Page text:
Um, when we talk about the near term needs, when we talk about high mars, the Ukrainians and other experts have talked about the need for dozens more high mars uh, systems, can the U. S. Actually provide that without it impacting your active duty component And in terms of long term as we do you’ve been talking about today. What does that mean for potentially training of highlights here in the United States down in the long run. Thank you. Thanks. Louis, I’m sure that Ukrainian leadership will be um pleased to hear Lavrov’s confirmation of the effectiveness of not only that system, but how they’re using that system. Um, as you know, Russians are currently in uh Kherson and Safran Asia. So the Russian forces there there there now. So you have to wonder who he’s talking to. Uh that’s not a surprise to uh to any of us or anybody in Europe, anybody around the globe. I think he’s talking to the people in Russia who have been ill informed throughout. Um you’ve heard us mention this before in terms of what what Putin’s objectives are. You know, he has stated a number of times that, you know, this is a limited operation focused on on the Don boss. His actions have proven uh otherwise and and we have known are suspected, not suspected but known. Our allies and partners have known that he has greater ambitions. And Lavrov just confirmed that today. So, uh again, no surprise to anybody that’s been a part of this or even watching this remotely maybe a surprise to the Russian people who Putin has been lying to the entire time. So let me uh frame it for you. Um, this is still a large scale battle of fires on both sides. Although the Ukrainians are using very effective defensive maneuver. As I mentioned earlier in terms of fires, high marks provide you long range rocket fire with great precision In addition to the Triple 7155 and the other countries are providing M109155. So that gets you into the 40 kilometer range or and and then you get your 10 fives, uh and then you come back to your mortars. So you’ve got an excellent of fires from deep uh, to the close fight. And the Ukrainians have something I mentioned this before. Ukrainians have excellent artillery, uh, soldiers, excellent gunners as the British would call them. And they’re being very, very effective to date the high mars that that we have provided them. Uh and we’re not the only country, by the way, other countries are providing long range fires as well Britain for example, and some others are donating long range rocket artillery. Uh to date those systems have not been eliminated by the Russians and I knock on wood every time I say something like that. Uh and they’re being very effective at using them, employing precision weapons against the target. The issue is not so much the system, the actual launcher. The issue will become ammunition uh, in the consumption rates and the amount of weapon, uh, the amount of ammunition that’s fired out of the high marks. Uh, we are looking at all of that very, very carefully on a day to day basis. We advise the secretary where we think the levels of risk are to our own force in terms of our readiness and our capability and our equipping, We think we’re okay right now uh as we project forward into the next month or two or three?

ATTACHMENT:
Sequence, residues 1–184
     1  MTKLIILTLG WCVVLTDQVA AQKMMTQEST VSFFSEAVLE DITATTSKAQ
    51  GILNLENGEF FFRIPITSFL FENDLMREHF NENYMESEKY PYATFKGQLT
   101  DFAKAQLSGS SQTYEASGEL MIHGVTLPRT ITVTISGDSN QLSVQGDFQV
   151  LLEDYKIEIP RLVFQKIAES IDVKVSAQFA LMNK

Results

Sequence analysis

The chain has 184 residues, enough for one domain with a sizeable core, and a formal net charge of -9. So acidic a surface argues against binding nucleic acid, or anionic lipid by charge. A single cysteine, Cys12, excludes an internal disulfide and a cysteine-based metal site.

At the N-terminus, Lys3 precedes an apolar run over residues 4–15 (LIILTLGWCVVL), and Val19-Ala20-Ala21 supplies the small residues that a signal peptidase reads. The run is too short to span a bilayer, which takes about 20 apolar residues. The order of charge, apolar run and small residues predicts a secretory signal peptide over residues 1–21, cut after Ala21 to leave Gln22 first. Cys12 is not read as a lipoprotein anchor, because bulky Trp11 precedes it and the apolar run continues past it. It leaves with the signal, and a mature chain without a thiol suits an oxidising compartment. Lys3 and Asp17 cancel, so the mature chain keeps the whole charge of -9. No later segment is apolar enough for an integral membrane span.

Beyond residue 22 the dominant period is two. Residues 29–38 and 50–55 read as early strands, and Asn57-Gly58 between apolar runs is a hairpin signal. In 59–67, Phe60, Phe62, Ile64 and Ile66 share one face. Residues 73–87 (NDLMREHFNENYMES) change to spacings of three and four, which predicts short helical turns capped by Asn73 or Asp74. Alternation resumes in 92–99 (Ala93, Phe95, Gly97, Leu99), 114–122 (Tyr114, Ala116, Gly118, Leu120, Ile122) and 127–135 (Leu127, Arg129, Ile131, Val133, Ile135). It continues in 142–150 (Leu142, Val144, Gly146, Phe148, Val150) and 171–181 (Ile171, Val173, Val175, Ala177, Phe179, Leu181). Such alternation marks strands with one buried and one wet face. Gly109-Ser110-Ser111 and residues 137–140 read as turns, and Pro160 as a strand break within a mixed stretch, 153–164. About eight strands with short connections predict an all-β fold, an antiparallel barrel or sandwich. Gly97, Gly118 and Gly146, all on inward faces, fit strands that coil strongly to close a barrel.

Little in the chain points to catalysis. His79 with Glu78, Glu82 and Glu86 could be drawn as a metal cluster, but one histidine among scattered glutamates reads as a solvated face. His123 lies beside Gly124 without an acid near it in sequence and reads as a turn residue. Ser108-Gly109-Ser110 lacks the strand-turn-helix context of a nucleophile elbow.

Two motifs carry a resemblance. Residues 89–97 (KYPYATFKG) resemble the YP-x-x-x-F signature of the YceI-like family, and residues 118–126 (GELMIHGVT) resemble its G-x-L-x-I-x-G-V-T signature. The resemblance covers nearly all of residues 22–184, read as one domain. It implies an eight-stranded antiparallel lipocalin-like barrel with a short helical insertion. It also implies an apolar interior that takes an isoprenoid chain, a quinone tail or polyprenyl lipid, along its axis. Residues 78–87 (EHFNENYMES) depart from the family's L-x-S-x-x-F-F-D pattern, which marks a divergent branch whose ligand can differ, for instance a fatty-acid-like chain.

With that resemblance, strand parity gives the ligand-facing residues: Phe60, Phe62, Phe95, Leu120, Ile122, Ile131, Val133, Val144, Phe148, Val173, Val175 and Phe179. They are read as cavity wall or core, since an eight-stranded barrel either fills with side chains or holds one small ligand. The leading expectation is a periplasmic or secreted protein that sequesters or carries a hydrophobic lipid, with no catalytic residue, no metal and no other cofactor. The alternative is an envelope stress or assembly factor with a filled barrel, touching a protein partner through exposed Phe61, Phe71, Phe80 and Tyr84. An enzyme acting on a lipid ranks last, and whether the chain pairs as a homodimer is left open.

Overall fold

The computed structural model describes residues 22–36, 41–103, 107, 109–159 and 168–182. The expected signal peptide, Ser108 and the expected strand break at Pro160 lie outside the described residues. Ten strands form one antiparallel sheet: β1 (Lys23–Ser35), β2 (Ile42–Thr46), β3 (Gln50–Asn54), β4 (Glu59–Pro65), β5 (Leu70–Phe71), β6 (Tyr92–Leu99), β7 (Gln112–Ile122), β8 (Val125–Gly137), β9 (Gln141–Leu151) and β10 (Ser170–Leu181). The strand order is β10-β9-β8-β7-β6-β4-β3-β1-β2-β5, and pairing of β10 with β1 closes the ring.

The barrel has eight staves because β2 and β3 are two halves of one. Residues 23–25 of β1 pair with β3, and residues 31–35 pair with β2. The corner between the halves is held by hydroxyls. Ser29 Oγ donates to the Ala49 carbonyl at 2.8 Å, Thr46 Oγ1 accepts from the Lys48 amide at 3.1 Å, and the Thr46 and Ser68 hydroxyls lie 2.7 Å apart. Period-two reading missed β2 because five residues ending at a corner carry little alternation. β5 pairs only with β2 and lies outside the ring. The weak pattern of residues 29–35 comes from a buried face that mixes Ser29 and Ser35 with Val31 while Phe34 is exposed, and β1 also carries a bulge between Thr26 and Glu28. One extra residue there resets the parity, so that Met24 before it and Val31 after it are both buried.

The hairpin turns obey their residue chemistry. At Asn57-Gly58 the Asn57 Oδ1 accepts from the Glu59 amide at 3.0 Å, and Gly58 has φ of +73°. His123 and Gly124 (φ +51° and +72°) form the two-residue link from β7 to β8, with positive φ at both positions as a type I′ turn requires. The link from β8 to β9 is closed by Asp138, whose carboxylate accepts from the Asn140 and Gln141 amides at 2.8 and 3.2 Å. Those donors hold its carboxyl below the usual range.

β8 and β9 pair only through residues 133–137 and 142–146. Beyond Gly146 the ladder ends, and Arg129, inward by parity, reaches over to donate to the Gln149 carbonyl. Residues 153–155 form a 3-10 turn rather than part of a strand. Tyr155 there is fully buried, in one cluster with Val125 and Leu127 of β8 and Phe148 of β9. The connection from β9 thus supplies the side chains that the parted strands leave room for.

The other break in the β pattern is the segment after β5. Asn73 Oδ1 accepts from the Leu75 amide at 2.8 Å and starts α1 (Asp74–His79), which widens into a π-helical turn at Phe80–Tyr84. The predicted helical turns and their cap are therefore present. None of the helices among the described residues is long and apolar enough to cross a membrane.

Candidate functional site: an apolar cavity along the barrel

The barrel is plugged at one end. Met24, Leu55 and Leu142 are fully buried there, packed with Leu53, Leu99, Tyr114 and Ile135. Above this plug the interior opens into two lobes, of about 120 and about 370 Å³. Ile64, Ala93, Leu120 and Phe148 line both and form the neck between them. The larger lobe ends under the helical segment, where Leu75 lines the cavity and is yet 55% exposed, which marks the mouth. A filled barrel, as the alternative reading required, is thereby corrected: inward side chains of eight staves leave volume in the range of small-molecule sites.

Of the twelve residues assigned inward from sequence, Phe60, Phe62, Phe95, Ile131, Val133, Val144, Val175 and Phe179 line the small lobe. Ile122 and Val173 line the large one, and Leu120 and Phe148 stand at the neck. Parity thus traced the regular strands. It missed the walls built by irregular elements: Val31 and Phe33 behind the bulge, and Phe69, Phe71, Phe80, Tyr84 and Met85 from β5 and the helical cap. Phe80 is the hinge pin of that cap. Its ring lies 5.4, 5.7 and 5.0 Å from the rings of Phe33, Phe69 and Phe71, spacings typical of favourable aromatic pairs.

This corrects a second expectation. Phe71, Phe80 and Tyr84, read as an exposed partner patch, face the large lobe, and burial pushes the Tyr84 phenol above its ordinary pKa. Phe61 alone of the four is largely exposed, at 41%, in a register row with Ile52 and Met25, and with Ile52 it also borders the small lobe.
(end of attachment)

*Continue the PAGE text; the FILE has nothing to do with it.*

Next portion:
Uh We think we’re gonna be okay. And we also are tied in very very closely through the dep sec def with the industrial base and the production management uh techniques that we have to to continue to produce those weapons systems. So it’s not so much the launcher, but it’s the ammunition and the train. I’m sorry. On the flight training. Yes. So we, you know, as you know, we look at all kinds of options to present to the the secretary and the President. Um and and there’s been no decisions on any of that, but we do examine a wide variety of options to include pilot train bob Starr CNN Secretary Austin, could I ask you your assessment um of do you now that Putin has been to Tehran, do you assess that Iran is going to get more involved?